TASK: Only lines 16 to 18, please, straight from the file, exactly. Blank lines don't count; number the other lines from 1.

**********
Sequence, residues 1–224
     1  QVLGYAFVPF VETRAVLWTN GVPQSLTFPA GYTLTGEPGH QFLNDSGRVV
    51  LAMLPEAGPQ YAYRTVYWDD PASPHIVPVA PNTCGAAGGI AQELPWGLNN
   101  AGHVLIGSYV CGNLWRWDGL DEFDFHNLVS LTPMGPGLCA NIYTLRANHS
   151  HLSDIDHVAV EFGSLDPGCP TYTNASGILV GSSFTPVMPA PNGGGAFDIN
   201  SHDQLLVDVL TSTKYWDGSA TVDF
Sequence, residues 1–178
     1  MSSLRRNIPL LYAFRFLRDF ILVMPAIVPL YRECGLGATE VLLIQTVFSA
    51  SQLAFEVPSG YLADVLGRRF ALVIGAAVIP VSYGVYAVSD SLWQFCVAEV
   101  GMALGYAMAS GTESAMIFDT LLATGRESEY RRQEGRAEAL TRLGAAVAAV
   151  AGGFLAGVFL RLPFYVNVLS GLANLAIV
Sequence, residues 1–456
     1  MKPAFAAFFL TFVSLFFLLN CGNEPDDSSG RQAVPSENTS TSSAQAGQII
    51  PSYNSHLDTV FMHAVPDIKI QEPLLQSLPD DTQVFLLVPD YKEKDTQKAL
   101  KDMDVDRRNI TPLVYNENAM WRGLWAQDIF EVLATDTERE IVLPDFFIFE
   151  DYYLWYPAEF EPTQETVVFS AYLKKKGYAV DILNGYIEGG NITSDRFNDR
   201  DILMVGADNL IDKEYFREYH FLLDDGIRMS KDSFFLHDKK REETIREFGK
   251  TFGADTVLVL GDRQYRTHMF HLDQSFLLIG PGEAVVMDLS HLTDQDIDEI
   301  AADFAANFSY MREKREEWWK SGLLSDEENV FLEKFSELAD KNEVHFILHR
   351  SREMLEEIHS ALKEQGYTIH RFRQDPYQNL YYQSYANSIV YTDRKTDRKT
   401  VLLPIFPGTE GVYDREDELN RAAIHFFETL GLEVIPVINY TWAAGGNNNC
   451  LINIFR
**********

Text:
   151  DYYLWYPAEF EPTQETVVFS AYLKKKGYAV DILNGYIEGG NITSDRFNDR
   201  DILMVGADNL IDKEYFREYH FLLDDGIRMS KDSFFLHDKK REETIREFGK
   251  TFGADTVLVL GDRQYRTHMF HLDQSFLLIG PGEAVVMDLS HLTDQDIDEI